10 Important Things Parents Need to Know About Dyslexia

As a “hidden” disability, most of us miss out on the signs of our kids having dyslexia which makes it harder for them to study.

Some parents have become quite adept at noticing certain symptoms of developmental disabilities like Autism and ADHD because of the visible social components (e.g. missing out on jokes, taking a while to process sarcasm). But those with dyslexia don’t have that. Although they have social flexibility and adaptiveness, their disability appears more in reading. They often go undiagnosed for the majority of their lives, leaving people to label them as “slow” or “incompetent” because they perceive language differently, visual-wise and audio-wise.

To further understand this disability, we’ve summed it up to these ten important points.

Important Things Parents Need to Know About Dyslexia

1. In some cases, dyslexia may show more in boys than girls

Because of differing brain structures, dyslexia has a higher prevalence in boys than girls (Bianan and Santos, 2020; Yang, Li, Li, Zhai, An, Zhang, Zhou, and Weng, 2022). The way dyslexia also shows may be more gender exclusive — boys have a harder time reading which may be caused by their lower impulse control in comparison to girls (Hier, 1979; Arnett, Pennington, Peterson, Willcutt, DeFries, and Olson, 2017; Kafnick, 2019) which is why dyslexia may show more.

However, some studies revealed gender doesn’t affect dyslexia’s main symptom which is the struggle in reading comprehension (Rosales, 2020). What may influence this, however, most especially in the Philippines, is the need to be bilingual — which means that they may have a different learning pathway than the typical (San Jose, 2012; Tong, Vasudevamurthy, Lentejas, Zhang, and An, 2023).

2. Those with dyslexia have an “accommodating” learning style

The accommodating learning style is another word for being “hands-on” or more “kinetic” in their learning. They prefer something multi-sensory so that they can associate other things to the task besides the words (Bianan and Santos, 2020; Yang, Li, Li, Zhai, An, Zhang, Zhou, and Weng, 2022). Colors, shapes, textures, smells, and tastes are their preferred learning because they engage different parts of the brain that’s also associated with emotions.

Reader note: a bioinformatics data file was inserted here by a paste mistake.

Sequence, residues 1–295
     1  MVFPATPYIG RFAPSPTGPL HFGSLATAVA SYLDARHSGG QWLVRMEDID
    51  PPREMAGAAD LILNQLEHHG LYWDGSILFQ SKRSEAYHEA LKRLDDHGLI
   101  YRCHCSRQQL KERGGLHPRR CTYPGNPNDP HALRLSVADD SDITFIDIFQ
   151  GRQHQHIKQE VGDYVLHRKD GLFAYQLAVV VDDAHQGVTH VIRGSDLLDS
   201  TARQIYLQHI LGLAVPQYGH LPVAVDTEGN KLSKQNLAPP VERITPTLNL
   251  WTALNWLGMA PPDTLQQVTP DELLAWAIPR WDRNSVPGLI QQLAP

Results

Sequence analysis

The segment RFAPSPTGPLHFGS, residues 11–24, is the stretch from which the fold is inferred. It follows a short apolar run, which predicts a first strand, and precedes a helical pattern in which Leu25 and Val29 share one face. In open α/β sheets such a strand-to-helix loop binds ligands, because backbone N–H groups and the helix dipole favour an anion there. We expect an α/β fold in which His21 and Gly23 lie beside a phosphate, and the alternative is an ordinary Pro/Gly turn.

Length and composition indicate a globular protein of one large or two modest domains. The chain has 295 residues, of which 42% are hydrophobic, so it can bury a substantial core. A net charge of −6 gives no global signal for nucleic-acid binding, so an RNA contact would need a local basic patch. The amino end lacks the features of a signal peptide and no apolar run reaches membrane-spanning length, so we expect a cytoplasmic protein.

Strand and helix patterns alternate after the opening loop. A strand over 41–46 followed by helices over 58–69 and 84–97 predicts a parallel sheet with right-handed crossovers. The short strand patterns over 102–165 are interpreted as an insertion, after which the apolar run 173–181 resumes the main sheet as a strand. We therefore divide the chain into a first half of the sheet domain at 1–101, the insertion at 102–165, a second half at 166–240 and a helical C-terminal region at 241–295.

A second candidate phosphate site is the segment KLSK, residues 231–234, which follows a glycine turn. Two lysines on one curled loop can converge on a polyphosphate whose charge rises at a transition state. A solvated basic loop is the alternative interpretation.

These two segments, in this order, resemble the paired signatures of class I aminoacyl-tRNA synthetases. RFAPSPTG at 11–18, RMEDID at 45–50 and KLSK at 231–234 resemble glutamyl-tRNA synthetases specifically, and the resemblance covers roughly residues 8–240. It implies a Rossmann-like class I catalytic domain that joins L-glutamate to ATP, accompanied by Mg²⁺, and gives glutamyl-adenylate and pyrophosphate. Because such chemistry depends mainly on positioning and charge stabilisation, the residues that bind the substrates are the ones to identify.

3. Some languages may be easier to learn, depending on the requirements

There are just some languages that are easier to learn because of what they emphasize (Tong, Vasudevamurthy, Lentejas, Zhang, and An, 2023). English requires people to be more aware of the blends and the sounds they make like “ba” and “da” which can be difficult for those who have dyslexia. Chinese and Japanese, on the other hand, demand more awareness of how the word looks and what accents to apply. But some languages like Spanish may be easier, depending on the deficit involved (Jimenéz, Rodríguez, and Ramírez, 2009).

4. Dyslexia causes more distress than we see!

Because of its “hidden” nature, most of those diagnosed with dyslexia deal with the frustration of making people understand (Mather, White, and Youman, 2020; Rosales, 2020). Being the most aware of their flaws sometimes leads them to depressive episodes, often ending up in moments known as “self-fulfilling prophecies” because of the difficulty in comprehension and reading (San Jose, 2012). Unlike autism where there is a struggle to catch non-verbal social cues, those with dyslexia are more conscious of their drawbacks which makes them more prone to mood disorders like bipolar, anxiety, and depression in the form of learned helplessness (Schulte-Korn, 2010; Sako, 2016).

5. Some with dyslexia actually do enjoy reading!

Despite the difficulties, those with dyslexia do enjoy a good book or two. When teachers invest in their students with dyslexia, they often base it on their initial symptoms, recommend books, and then, help them develop coping mechanisms to further their love for reading. They “push themselves to the limit” and discover more ways to enjoy reading or sounds (San Jose, 2012; Gepila Jr., Macalalad, Requiron, Balisado, and Rosales, 2022). When kids are diagnosed with dyslexia, they enjoy some couplet poetry books since they repeat certain sounds over and over again.

6. Dyslexia does have levels: mild, moderate, and severe

Those with mild dyslexia often go undiagnosed, leading to fulfilling careers. Some of them even get by despite the heavy reading and writing required, oftentimes using voice-based apps to assist them in writing or processing languages. Some speech therapists even use other forms of sign language to connect the sounds with movement which is why they may have certain mannerisms. It’s their way of associating the proper sounds to avoid miscommunications (Livingston, Siegel, and Ribary, 2018).

7. Dyslexics can have a unique combination of symptoms

Although there is a general set of symptoms for those with dyslexia, the combinations can differ per person. Some may only have the visual issue but there are others who struggle in processing sound. Then, there are those who have both. It’s why many dyslexics appear bright, eloquent, and charismatic in spite of their struggle in writing (San Jose, 2012; Bianan and Santos, 2020).